What is Snow Drought?
Snow drought is defined as period of abnormally low snowpack for the time of year, reflecting either below-normal cold-season precipitation (dry snow drought) or a lack of snow accumulation despite near-normal precipitation (warm snow drought), caused by warm temperatures and precipitation falling as rain rather than snow or unusually early snowmelt. (AMS Glossary of Meteorology)
Current situation and impacts in the West
May 10, 2018:
Early May is well into the snowmelt season in the Western US. Cold late season storms can bring snowfall, but tend to slow the melt process rather than build the snowpack. Currently, snowpack remains well below normal in southern Oregon, California, southern Idaho, Utah, southern Colorado, and northern New Mexico. Many sites in these regions are at less than 25% of normal, and many lower elevation sites have already melted out with no snowpack remaining. A sharp contrast is found to the north in Washington and the northern Rockies where most sites have well above normal snowpack. In Central Alaska snowpack is above normal while most sites in the Kenai Peninsula and Chugach Mountains in the southern part of the state are below normal. [Next update scheduled for May 24, 2018]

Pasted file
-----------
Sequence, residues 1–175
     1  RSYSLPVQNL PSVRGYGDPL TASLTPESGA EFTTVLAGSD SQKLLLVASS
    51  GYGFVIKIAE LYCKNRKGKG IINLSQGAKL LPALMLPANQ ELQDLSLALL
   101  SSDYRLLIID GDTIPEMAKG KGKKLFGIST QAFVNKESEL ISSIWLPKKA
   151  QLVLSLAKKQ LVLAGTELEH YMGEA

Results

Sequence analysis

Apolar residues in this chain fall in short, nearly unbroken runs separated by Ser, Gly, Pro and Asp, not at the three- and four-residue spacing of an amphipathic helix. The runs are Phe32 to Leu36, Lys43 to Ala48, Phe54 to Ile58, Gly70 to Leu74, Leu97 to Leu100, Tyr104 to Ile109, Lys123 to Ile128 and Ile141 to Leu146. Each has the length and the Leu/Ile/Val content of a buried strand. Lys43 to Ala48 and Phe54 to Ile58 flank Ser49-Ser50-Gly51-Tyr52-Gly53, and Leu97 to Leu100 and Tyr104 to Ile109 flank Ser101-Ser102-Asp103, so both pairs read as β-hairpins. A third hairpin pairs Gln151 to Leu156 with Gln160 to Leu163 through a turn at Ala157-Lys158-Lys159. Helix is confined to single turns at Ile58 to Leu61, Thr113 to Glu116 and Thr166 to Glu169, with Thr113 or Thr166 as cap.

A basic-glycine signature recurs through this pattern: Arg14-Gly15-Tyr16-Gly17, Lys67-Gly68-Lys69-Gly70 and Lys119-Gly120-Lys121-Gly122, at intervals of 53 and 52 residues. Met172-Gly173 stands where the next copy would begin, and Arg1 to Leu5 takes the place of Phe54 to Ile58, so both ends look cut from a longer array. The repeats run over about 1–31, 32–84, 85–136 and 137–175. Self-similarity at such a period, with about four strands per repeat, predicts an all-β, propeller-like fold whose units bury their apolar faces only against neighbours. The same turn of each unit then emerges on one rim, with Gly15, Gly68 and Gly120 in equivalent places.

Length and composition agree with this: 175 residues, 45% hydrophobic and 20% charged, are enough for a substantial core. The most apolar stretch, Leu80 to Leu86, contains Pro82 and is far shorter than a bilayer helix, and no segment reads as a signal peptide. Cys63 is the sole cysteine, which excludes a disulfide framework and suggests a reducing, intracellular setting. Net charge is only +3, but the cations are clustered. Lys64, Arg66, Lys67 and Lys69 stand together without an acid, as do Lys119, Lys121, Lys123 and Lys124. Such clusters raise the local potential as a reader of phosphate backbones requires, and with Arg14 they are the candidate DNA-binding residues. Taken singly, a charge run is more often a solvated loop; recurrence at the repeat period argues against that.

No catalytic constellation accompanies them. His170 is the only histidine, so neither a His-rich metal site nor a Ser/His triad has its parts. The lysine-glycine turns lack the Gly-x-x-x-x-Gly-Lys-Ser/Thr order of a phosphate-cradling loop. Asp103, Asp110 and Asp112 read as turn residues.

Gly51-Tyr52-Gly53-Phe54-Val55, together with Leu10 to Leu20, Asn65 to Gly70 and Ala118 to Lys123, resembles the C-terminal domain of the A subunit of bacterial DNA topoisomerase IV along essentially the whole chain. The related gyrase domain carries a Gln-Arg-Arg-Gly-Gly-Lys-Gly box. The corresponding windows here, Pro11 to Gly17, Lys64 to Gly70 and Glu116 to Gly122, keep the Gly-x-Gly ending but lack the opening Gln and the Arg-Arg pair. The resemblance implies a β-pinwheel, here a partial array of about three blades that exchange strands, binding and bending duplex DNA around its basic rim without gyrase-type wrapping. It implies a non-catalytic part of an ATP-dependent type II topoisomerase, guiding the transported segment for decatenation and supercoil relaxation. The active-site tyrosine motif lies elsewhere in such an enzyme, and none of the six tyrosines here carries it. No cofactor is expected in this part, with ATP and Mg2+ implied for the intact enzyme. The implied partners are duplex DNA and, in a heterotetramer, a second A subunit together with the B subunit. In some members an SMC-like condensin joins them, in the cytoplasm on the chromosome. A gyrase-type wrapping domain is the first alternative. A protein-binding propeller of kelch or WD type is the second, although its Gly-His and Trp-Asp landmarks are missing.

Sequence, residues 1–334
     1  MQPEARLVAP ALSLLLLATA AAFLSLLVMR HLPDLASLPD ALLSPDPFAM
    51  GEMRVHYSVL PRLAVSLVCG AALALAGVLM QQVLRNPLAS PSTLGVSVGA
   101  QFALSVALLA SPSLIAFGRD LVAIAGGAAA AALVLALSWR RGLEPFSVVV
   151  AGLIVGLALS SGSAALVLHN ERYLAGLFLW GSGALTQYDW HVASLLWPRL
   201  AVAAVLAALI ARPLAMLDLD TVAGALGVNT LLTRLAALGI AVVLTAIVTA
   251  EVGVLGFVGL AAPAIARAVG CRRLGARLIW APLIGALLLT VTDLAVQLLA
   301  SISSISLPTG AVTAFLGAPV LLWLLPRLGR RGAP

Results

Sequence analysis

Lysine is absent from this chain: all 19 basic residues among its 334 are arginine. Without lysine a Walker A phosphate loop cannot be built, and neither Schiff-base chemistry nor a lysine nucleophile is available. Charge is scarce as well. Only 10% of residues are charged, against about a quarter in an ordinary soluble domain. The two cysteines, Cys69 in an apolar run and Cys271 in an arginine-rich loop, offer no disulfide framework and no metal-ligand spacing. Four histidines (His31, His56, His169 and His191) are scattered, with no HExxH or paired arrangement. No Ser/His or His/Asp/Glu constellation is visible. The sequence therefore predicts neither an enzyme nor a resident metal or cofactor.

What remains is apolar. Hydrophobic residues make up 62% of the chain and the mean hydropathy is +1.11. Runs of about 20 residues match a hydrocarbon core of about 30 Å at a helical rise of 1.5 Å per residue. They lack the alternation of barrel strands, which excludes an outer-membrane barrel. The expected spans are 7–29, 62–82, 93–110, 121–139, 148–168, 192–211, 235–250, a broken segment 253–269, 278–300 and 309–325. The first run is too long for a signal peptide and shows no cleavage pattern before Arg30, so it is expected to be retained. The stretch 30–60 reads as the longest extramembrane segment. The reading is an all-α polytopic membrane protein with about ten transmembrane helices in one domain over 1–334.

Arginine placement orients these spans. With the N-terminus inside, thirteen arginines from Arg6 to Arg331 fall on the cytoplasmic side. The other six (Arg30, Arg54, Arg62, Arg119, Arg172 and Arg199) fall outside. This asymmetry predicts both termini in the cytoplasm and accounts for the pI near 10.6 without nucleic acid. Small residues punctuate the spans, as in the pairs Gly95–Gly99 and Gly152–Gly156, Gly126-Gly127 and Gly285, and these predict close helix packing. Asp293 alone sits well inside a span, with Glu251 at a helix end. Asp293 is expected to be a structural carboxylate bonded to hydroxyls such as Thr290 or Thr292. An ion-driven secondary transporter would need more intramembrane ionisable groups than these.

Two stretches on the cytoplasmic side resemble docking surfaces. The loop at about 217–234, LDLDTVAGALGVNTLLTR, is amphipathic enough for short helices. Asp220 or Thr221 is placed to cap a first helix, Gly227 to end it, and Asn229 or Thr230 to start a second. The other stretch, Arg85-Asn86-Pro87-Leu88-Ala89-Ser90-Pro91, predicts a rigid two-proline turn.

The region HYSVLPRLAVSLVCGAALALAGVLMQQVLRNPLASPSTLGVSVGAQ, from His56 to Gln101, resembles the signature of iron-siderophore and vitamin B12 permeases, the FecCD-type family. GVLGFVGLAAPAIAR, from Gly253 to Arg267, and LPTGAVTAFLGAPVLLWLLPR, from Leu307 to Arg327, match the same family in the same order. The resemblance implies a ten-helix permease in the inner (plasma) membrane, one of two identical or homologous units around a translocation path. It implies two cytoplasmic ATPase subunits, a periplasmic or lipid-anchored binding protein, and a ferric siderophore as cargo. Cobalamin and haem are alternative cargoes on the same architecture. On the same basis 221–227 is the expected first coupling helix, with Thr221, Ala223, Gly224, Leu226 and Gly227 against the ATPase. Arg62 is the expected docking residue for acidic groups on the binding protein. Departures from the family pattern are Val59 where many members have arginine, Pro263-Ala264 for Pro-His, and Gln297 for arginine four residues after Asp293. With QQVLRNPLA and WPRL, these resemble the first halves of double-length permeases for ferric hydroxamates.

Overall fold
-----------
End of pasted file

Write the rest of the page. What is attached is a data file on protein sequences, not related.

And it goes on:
USDA Natural Resources Conservation Service (NRCS) percent of 1981-2010 median snow water equivalent (SWE) over the western U.S. (left/top) and Alaska (right/bottom) for May 7, 2018. Only stations with at least 20-years of data are shown. For an interactive version of this map, including percent of period of station record median SWE, please visit NRCS
SNOTEL basin-wide average SWE time series for the San Miguel, Dolores, Animas and San Juan River basins in southwest Colorado. Black line is this year, lighter red line is the average, and darker red line is the median. The region peaked in late March at 52% of normal peak SWE, and is currently at only 15% of normal SWE for this date.
SNOw Data Assimilation System (SNODAS) percent of average (2004-2018) snow water equivalent (SWE) for May 6, 2018. Image made using Climate Engine. Please note the shorter historical period of this dataset compared to the station data above.